The Child and I are in Costco one day, and she finds a little running jacket that she likes: It has cuffs with thumb holes.
Why is this important, I ask.
Because all the other girls have them on their jackets.
It’s not expensive – it’s Costco, after all – so I buy it for her and she’s pleased, wearing the jacket to school daily. We talk a bit about clothing, specifically, What Everyone Is Wearing, and I learn that Lululemon is very popular with the teen girl crowd. I vaguely recall seeing one of their stores at the mall, and not going in because I thought they sold expensive yoga clothes. Neither of us does yoga, so why would we?
I suggest a couple of other companies I know of that make yoga type clothes that are a bit less expensive.
I know, she says. I looked at their websites.
We discuss this a bit more on the way to Goodwill on Friday evening (do I know how to live?) – they are having a designer accessory sale and I’m hoping for a cheap high-end handbag. What I find instead is a gorgeous suede bag that was $300 or so originally, now selling for $100; cheap is all relative. I wander around the store, trying to decide, or rather, to rationalize, but not even I can come up with a reason I might need another handbag. The Child starts filling a basket with clothes, and is soon loaded up with nearly-new Levis shorts and unworn red Keds. $3. $6. Jackpot! She leaves with a big bag of clothes, and my wallet is only $30 lighter.
She buzzes with delight as we head to a nearby pizza place, and as we are waiting for our pizzas, I look out the window at a store logo a few doors down. I think that’s a Lululemon logo, I say idly.
She jumps up. Can I go see? Can I go look inside?
I’m so startled, I reply, sure – and before I can remind her to come back quickly in case her pizza arrives, she’s off.
She returns a few minutes later, confirming that it is a Lululemon and asking if we can go after we eat, and I say, sure, why not? We get there, and I am mystified: There isn’t much to get excited about, because there isn’t much there: a few hoodies, some headbands, and some yoga tops and pants. There are only a few colors of each item; the only variation I can see in the pants is the trim on the waistband that I don’t think would even be seen when worn. The only thing that stands out to me is the price tags.
The Child takes one of the hoodies into a dressing room, and emerges looking – well, not special enough to warrant the price tag. It’s a hoodie.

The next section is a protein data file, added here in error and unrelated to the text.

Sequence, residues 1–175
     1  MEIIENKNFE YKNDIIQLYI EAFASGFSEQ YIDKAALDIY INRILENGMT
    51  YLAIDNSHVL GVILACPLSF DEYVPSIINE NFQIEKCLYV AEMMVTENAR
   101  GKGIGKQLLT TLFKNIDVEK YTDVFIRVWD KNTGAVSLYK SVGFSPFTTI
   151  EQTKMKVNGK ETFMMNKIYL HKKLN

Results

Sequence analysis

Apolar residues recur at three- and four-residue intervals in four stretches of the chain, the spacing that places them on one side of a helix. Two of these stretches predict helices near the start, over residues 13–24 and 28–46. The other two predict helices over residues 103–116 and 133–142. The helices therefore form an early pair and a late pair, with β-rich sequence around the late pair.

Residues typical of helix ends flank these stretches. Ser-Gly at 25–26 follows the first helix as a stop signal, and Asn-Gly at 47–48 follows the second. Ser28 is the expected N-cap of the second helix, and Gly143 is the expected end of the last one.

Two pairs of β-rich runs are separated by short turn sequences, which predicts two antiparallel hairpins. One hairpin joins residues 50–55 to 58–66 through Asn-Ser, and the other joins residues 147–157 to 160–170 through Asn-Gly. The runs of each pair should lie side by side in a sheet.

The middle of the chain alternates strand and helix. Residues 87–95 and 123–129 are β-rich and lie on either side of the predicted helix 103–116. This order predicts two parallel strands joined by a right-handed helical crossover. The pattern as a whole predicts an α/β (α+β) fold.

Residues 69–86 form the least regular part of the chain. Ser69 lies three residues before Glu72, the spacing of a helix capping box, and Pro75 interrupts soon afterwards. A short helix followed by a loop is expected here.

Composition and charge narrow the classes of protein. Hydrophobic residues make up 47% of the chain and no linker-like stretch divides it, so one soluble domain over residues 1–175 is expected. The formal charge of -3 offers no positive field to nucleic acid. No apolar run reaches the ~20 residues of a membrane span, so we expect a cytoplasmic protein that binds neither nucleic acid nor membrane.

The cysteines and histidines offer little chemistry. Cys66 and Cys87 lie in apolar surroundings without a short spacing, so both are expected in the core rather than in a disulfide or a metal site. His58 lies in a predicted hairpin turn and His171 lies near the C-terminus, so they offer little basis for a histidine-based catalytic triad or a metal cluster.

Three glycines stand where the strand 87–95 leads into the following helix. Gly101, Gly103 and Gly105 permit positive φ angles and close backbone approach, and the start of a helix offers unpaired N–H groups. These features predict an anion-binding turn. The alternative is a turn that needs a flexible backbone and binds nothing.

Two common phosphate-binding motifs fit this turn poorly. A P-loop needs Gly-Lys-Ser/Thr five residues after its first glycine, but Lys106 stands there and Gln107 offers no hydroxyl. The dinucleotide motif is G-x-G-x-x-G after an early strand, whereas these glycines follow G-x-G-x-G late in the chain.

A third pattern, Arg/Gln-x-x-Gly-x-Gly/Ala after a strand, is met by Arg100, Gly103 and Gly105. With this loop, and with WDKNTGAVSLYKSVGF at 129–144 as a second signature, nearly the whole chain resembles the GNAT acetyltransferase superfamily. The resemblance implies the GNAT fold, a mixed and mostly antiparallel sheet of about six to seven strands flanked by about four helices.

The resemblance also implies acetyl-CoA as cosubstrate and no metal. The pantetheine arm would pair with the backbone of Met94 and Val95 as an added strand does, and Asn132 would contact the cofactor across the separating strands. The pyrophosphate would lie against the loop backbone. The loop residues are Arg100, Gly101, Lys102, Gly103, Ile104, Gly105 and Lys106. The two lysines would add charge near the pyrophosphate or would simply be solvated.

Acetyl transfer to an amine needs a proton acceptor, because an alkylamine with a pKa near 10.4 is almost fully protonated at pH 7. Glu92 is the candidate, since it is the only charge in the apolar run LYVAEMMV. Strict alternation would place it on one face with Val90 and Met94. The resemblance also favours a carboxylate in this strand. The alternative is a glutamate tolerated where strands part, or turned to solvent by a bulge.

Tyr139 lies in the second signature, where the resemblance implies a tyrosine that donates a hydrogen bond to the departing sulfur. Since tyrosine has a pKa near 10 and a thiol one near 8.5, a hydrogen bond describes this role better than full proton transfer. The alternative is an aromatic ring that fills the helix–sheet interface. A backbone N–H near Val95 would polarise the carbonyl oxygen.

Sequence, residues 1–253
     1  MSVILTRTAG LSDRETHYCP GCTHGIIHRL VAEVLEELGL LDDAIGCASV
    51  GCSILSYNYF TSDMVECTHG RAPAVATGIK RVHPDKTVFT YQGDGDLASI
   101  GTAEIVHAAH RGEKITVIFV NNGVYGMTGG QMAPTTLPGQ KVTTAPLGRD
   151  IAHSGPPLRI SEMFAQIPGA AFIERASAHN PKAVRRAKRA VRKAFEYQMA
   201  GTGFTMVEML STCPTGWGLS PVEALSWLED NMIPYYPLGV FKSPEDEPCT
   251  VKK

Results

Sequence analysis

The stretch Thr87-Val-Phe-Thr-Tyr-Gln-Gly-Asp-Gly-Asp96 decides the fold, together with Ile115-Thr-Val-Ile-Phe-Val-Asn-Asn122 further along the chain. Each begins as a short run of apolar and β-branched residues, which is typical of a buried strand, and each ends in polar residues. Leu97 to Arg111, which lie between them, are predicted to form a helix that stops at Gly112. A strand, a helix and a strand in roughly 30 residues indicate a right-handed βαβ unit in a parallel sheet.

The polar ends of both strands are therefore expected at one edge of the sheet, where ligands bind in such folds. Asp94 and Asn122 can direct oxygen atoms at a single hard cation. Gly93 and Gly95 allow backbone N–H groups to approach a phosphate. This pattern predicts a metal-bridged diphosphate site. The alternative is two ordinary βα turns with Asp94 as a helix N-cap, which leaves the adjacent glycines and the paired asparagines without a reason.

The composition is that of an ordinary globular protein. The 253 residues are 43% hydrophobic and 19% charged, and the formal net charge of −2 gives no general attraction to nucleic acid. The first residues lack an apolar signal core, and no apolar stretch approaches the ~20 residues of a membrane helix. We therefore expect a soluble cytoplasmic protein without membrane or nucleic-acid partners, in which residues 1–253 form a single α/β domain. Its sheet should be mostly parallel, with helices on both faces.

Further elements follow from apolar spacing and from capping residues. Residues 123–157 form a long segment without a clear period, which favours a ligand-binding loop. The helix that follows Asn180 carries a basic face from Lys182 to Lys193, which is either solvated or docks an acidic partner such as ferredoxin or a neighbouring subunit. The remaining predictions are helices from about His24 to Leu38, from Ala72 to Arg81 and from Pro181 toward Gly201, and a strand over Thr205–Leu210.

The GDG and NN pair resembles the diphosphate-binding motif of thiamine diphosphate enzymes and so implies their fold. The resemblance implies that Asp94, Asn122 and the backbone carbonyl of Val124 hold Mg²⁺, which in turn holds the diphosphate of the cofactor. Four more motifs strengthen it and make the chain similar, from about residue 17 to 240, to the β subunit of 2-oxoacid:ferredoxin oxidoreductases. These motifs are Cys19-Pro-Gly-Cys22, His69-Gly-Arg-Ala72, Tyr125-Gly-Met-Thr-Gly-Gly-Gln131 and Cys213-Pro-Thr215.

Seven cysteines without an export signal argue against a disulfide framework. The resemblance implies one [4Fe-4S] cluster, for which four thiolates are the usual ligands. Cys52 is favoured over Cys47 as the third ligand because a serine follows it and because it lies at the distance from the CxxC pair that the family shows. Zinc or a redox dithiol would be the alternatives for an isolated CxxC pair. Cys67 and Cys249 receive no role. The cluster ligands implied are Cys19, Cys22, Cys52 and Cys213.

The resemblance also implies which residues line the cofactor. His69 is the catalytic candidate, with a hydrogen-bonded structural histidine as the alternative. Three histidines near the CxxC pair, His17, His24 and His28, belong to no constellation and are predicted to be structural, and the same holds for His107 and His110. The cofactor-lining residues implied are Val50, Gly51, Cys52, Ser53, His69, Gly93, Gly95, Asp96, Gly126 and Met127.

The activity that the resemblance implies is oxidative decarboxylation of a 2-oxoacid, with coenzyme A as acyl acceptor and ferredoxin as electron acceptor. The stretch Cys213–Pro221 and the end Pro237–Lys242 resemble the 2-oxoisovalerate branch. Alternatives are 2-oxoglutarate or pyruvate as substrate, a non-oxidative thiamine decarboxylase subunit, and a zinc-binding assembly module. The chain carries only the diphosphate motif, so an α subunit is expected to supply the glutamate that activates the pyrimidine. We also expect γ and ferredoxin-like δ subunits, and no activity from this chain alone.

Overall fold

It’s too big, says the sales clerk. We help her find one that fits her better – which isn’t hard, since they only have a couple of styles, it’s clearly a matter of size, not cut.
I wait as The Child disappears back into the dressing room, for a very long time. It’s not possible she’s taking that long to try on hoodies, and I suspect she’s taking selfies and possibly snapchatting them to friends, but I don’t ask, or call to her. I wait outside and chat with the clerk.
This seems to be popular at her school, I remark.
Oh yes, she tells me. It’s all the rage for the teenage girls. They’re here all the time.
I glance around at the hoodies and black pants and yoga tops, and a little glint catches my eye: The logo. It transports me to Gimbels in 1978, and the glint of a logo is all I can see, on the back of a pair of Sasson jeans. My mother tells me they look horrible on me, and they’re too expensive – a waste of money. But the other girls have them, or at least the girls worth noticing have them, and I think they look nice, because, after all, who notices any part of the jeans other than the logo? I want them desperately and all my mother has to say is no, no, no.
Can you help her out? I ask the clerk, who trots off and returns with a couple more hoodies. It takes an endless amount of time, but eventually The Child picks out The One – the one that’s a good color but not the same color as anyone else at her school. I pat myself on the back for choosing a small school to send her to.
She snapchats pictures of her in her new treasure to all her friends, who are all suitably impressed when she arrives to school in it. The Child is pleased by this, but equally pleased to discover that one of the girls – the one who can have all the Lululemon she wants, and every other important brand too – has asked her mom to go to Costco, so that she can have one of those jackets, too.